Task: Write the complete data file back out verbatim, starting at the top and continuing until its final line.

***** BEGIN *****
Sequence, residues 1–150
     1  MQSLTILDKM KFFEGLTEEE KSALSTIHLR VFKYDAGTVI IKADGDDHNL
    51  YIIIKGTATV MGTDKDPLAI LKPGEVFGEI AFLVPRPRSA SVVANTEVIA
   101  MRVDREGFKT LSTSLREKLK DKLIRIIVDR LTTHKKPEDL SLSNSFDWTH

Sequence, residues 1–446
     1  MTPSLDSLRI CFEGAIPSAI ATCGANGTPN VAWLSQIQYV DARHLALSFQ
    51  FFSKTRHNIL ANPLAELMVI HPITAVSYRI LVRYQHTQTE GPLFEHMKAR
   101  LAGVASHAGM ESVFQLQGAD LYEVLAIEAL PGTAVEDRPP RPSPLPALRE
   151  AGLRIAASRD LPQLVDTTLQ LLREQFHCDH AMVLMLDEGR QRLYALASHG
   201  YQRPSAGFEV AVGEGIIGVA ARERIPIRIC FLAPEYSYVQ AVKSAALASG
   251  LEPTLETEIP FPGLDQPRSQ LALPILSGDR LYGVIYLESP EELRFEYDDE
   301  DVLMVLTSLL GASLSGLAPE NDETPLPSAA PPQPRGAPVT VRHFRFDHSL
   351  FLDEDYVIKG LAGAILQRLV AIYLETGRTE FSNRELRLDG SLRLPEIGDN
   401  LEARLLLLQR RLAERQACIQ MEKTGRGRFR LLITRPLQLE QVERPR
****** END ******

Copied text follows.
Sequence, residues 1–150
     1  MQSLTILDKM KFFEGLTEEE KSALSTIHLR VFKYDAGTVI IKADGDDHNL
    51  YIIIKGTATV MGTDKDPLAI LKPGEVFGEI AFLVPRPRSA SVVANTEVIA
   101  MRVDREGFKT LSTSLREKLK DKLIRIIVDR LTTHKKPEDL SLSNSFDWTH

Sequence, residues 1–446
     1  MTPSLDSLRI CFEGAIPSAI ATCGANGTPN VAWLSQIQYV DARHLALSFQ
    51  FFSKTRHNIL ANPLAELMVI HPITAVSYRI LVRYQHTQTE GPLFEHMKAR
   101  LAGVASHAGM ESVFQLQGAD LYEVLAIEAL PGTAVEDRPP RPSPLPALRE
   151  AGLRIAASRD LPQLVDTTLQ LLREQFHCDH AMVLMLDEGR QRLYALASHG
   201  YQRPSAGFEV AVGEGIIGVA ARERIPIRIC FLAPEYSYVQ AVKSAALASG
   251  LEPTLETEIP FPGLDQPRSQ LALPILSGDR LYGVIYLESP EELRFEYDDE
   301  DVLMVLTSLL GASLSGLAPE NDETPLPSAA PPQPRGAPVT VRHFRFDHSL
   351  FLDEDYVIKG LAGAILQRLV AIYLETGRTE FSNRELRLDG SLRLPEIGDN
   401  LEARLLLLQR RLAERQACIQ MEKTGRGRFR LLITRPLQLE QVERPR